Hematologic evaluation of patients must be performed at baseline and prior to every dose of Xofigo. Before the first administration of Xofigo, the absolute neutrophil count (ANC) should be ≥ 1.5 x 109/L, the platelet count ≥ 100 x 109/L and hemoglobin ≥ 10 g/dL. Before subsequent administrations of Xofigo, the ANC should be ≥ 1 x 109/L and the platelet count ≥ 50 x 109/L. If there is no recovery to these values within 6 to 8 weeks after the last administration of Xofigo, despite receiving supportive care, further treatment with Xofigo should be discontinued. Patients with evidence of compromised bone marrow reserve should be monitored closely and provided with supportive care measures when clinically indicated. Discontinue Xofigo in patients who experience life-threatening complications despite supportive care for bone marrow failure.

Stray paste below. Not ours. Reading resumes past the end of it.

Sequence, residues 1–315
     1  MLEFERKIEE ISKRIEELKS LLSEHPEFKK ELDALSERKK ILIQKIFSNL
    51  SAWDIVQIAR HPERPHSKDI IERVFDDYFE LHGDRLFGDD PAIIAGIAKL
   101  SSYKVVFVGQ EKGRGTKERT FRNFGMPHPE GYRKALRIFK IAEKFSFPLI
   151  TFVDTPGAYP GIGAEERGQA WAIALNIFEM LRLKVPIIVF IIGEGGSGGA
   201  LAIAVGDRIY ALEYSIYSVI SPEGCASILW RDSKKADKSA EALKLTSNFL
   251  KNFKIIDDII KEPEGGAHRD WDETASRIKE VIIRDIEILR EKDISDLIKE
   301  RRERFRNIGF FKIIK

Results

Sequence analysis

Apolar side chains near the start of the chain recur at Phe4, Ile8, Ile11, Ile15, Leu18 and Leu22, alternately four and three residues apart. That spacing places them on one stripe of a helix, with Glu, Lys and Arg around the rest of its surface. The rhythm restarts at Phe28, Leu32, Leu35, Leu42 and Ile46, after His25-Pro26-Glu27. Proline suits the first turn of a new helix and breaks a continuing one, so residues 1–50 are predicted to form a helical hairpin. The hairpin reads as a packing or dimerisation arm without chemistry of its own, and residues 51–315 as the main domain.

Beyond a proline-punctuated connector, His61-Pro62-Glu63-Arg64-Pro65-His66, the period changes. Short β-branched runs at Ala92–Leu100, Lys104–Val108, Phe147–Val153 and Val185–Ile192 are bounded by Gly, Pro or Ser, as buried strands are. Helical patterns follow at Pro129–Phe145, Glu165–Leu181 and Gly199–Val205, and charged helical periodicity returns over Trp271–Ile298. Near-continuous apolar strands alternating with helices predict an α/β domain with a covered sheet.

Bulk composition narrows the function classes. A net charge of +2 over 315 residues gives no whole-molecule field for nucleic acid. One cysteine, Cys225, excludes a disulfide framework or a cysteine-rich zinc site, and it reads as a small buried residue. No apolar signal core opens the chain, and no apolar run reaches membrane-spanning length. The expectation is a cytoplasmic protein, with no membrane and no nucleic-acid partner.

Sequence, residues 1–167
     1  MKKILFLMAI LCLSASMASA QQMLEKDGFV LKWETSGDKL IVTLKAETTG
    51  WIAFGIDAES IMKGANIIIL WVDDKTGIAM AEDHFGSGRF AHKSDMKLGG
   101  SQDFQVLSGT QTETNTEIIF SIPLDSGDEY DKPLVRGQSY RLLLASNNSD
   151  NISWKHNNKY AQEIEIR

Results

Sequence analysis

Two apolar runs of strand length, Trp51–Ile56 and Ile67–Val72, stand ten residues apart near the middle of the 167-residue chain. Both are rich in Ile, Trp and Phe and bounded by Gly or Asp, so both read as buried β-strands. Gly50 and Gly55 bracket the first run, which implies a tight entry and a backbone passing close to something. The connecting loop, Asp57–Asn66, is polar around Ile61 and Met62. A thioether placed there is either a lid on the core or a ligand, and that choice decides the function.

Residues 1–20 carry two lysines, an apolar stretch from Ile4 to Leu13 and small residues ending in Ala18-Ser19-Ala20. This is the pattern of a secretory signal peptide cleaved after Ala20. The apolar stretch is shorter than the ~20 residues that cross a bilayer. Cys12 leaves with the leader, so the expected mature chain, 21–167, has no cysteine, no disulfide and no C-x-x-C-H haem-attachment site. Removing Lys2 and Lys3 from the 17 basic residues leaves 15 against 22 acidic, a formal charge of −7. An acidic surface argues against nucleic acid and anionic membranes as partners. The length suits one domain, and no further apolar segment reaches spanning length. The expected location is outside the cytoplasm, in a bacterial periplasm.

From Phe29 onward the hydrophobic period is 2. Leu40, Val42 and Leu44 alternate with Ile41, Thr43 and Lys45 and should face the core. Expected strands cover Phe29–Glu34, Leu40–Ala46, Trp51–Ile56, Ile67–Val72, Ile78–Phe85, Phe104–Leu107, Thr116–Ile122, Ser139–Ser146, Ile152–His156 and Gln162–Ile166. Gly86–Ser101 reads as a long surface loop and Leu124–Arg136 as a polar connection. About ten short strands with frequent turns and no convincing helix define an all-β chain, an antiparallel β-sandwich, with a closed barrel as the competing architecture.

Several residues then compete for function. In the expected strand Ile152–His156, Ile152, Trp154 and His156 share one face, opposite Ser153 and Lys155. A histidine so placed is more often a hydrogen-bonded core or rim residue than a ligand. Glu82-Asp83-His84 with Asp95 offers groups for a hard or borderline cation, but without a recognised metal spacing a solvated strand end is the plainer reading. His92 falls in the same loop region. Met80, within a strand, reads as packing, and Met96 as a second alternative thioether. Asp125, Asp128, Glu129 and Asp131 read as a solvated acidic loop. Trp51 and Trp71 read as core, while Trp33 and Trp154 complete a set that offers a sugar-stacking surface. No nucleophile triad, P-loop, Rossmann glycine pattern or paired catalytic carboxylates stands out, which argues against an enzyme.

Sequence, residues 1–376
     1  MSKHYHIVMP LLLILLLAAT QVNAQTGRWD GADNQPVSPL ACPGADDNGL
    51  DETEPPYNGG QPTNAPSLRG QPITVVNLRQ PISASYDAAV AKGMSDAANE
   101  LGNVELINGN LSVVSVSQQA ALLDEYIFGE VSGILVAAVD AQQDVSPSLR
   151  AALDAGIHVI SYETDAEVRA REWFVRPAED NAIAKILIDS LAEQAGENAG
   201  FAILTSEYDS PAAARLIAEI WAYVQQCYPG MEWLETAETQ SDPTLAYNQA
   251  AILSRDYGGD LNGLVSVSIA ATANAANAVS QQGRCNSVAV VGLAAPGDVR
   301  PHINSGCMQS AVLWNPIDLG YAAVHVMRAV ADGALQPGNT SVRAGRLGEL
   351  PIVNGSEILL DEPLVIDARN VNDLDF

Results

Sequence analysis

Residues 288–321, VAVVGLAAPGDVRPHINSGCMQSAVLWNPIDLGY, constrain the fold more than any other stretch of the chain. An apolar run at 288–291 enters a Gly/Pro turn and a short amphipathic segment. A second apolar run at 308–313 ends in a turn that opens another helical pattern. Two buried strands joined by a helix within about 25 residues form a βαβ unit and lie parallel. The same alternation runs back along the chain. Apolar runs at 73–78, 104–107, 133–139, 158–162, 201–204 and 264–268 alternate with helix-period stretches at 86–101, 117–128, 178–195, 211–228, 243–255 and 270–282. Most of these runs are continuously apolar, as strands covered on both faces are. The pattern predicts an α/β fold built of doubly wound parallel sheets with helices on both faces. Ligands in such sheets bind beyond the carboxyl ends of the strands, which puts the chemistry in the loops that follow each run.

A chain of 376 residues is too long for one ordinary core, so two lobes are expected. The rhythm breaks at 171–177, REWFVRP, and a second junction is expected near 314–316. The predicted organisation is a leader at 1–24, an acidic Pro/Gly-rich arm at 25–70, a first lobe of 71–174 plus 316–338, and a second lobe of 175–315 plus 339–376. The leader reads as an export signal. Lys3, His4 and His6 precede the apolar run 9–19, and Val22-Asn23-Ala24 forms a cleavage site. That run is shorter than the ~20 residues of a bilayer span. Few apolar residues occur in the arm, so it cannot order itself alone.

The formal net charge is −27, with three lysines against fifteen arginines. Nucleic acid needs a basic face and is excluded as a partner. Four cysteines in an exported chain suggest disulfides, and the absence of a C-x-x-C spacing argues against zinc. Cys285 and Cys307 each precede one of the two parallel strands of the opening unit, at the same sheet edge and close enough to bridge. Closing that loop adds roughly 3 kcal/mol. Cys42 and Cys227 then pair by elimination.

The safety and efficacy of concomitant chemotherapy with Xofigo have not been established. Outside of a clinical trial, concomitant use with chemotherapy is not recommended due to the potential for additive myelosuppression. If chemotherapy, other systemic radioisotopes or hemibody external radiotherapy are administered during the treatment period, Xofigo should be discontinued.
Carcinogenesis, Mutagenesis, Impairment of Fertility
Animal studies have not been conducted to evaluate the carcinogenic potential of radium-223 dichloride. However, in repeat-dose toxicity studies in rats, osteosarcomas, a known effect of bone-seeking radionuclides, were observed at clinically relevant doses 7 to 12 months after the start of treatment. The presence of other neoplastic changes, including lymphoma and mammary gland carcinoma, was also reported in 12-to 15-month repeat-dose toxicity studies in rats.
Genetic toxicology studies have not been conducted with radium-223 dichloride. However, the mechanism of action of radium-223 dichloride involves induction of double-strand DNA breaks, which is a known effect of radiation.